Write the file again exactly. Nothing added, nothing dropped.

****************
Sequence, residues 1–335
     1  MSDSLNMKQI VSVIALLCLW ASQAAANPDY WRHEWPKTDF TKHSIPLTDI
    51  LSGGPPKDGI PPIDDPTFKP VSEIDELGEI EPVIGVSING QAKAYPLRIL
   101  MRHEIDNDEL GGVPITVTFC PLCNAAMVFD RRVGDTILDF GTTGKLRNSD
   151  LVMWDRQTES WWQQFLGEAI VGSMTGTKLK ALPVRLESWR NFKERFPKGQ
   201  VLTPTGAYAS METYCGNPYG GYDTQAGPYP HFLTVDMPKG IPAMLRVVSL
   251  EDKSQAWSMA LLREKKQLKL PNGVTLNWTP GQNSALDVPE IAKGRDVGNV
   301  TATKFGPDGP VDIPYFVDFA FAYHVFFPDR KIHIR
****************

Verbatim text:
Sequence, residues 1–335
     1  MSDSLNMKQI VSVIALLCLW ASQAAANPDY WRHEWPKTDF TKHSIPLTDI
    51  LSGGPPKDGI PPIDDPTFKP VSEIDELGEI EPVIGVSING QAKAYPLRIL
   101  MRHEIDNDEL GGVPITVTFC PLCNAAMVFD RRVGDTILDF GTTGKLRNSD
   151  LVMWDRQTES WWQQFLGEAI VGSMTGTKLK ALPVRLESWR NFKERFPKGQ
   201  VLTPTGAYAS METYCGNPYG GYDTQAGPYP HFLTVDMPKG IPAMLRVVSL
   251  EDKSQAWSMA LLREKKQLKL PNGVTLNWTP GQNSALDVPE IAKGRDVGNV
   301  TATKFGPDGP VDIPYFVDFA FAYHVFFPDR KIHIR